The Rise of American Tourism

How Did Modern Vacations Come To Be?


Lexi Solé

Have you ever wondered why your family flocks to states like Florida or Hawaii for vacation? Or why so many are quick to book a trip to countries such as Puerto Rico, Fiji, or the Dominican Republic? Why do we vacation the way that we do? Where did it come from? In order to understand why we vacation the way that we do, we need to understand where the modern notion of a vacation derived from. As spring break approaches, it is important to reflect on the way that you vacation. Why do you visit the places that you do? Or participate in the activities that you do?

The present-day concept of a vacation has really only existed for the later half of the century.  Vacations can be traced back to Europe in the  Romantic era (1798-1837) and its close ties to the Industrial Revolution. During this period of Romanticism, Europeans developed a newfound appreciation of nature, architecture, and spontaneity. So called ‘Romanticists’ rejected the ideals of the Industrial Revolution and sought for methods to escape the rapid spread of  industrialization around them. The Industrial Revolution soon spread to the Americas, as well as the ideals of romanticism. After the Civil War, and during the Gilded Age, American author William H.H. Murray published a book titled “Adventures in the Wilderness” which prompted many to consider taking excursions into the wild in hopes of  escaping from the society around them. 

Fast forward to the 1950’s where the modern view of vacationing started to form. The economic boom after the war caused the rise of the “nuclear family” to form as the structure of jobs and education changed. Parents now searched for getaways that accommodated their entire family. The mid-1900’s is where we start to see massive designated vacation spots develop such as Disneyland (1955) or Universal Studios (1964). Also during this time, many celebrities and socialites chose Cuba as their designated vacation destination. Celebrities like Frank Sinatra and Ava Gardener drew tourism to Cuba with their acts. Many enjoyed the tropical atmosphere, food and entertainment. The flights to Cuba out of Miami introduced many to the landscape of Florida, and prompted lots of economic development in the state. The rise of vacationing quite literally altered the landscape of the state of Florida forever.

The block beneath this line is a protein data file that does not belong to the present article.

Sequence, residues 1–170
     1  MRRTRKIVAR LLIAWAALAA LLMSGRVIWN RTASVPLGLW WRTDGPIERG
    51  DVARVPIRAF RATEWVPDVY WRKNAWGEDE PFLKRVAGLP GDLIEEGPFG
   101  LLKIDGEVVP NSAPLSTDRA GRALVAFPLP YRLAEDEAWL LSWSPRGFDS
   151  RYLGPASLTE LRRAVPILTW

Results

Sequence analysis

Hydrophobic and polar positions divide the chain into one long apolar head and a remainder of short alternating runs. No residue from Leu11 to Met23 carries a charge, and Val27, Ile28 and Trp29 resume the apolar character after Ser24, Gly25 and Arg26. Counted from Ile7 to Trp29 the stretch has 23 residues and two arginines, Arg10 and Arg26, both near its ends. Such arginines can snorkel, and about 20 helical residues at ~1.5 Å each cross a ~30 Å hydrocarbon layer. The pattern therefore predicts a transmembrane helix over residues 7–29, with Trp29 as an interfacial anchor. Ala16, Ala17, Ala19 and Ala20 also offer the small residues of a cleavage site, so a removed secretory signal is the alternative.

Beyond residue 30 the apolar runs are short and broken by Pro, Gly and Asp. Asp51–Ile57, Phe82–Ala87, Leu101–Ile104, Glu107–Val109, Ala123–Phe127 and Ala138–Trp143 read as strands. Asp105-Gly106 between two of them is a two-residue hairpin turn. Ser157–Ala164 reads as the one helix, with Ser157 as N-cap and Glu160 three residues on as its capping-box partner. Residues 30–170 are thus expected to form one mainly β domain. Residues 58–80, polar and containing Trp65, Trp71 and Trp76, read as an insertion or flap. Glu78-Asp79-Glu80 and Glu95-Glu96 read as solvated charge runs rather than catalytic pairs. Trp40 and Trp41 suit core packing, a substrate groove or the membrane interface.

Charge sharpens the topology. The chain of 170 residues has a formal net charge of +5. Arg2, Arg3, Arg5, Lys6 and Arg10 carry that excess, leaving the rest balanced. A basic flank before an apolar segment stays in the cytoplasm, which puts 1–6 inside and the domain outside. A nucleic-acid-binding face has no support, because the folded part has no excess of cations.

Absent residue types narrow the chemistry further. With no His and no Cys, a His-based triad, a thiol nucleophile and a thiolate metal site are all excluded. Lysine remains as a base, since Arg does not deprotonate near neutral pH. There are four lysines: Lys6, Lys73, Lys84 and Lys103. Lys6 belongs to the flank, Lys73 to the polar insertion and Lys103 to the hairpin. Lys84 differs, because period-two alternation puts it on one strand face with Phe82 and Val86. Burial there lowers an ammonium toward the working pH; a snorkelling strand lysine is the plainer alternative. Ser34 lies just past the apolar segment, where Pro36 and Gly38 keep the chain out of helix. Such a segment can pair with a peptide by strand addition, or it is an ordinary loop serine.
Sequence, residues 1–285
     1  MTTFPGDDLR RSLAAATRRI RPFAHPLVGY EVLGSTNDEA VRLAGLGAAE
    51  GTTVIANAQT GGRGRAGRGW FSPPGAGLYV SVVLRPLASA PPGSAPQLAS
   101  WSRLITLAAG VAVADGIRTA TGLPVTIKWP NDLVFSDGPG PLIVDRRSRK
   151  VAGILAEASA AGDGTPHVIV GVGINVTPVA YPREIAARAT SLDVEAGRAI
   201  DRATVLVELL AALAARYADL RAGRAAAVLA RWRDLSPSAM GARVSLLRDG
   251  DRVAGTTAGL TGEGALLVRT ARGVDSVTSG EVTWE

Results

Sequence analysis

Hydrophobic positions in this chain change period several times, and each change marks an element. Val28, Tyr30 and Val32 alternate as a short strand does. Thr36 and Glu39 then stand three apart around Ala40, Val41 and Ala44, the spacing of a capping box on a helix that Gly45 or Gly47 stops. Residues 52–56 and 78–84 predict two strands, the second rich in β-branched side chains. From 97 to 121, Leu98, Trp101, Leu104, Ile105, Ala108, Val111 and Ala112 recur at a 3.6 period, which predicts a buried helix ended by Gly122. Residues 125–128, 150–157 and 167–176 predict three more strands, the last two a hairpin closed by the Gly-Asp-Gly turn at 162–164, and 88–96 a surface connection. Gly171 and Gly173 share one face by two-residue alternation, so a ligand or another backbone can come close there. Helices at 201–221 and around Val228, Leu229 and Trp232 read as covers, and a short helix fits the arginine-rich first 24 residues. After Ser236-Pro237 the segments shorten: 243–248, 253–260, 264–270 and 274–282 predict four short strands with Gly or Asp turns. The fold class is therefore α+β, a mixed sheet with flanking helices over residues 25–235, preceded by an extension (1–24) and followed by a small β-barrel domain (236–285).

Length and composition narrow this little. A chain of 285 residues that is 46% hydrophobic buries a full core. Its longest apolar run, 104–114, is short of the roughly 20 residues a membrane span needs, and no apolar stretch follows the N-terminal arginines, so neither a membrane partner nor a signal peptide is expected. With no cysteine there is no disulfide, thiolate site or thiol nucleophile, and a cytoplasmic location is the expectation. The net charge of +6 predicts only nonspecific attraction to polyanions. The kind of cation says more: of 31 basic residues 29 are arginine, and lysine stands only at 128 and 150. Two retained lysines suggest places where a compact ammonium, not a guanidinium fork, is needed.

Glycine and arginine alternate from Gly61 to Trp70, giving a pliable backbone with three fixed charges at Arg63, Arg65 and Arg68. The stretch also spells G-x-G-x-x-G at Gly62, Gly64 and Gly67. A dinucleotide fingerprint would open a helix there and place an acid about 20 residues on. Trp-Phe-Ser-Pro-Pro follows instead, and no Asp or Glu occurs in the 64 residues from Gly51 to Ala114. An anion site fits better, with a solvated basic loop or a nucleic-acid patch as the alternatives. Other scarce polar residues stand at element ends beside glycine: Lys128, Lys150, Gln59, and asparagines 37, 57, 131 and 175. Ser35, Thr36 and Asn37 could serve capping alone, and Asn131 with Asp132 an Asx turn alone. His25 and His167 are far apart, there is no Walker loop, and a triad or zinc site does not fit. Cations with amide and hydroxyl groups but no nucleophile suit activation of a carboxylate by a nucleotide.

Florida is one of the most popular American vacation destinations, drawing in over 100 million tourists just last year alone. Florida is very important when talking about the history of vacationing. Florida’s economy heavily relies on tourism and vacations, and it even has entire communities dedicated to vacations and “getting away”. The early 1900’s consisted of developing the land in Florida in order to be habitable. Florida was practically underwater. The coastline was changed in order to accommodate the growing number of resorts and tourism. The portions of the Everglades were drained in order to accommodate the increasing population, which would greatly change the natural landscape and ecosystem forever.

Ultimately, the core reasons that we vacation the way that we do can be traced to the Industrial Revolution. The workplace and education industry has greatly changed in the past 100 years, forcing us to look for ways to escape as a response. In the coming weeks, try to reevaluate your vacation choices and look for alternative ways to clear your mind. 



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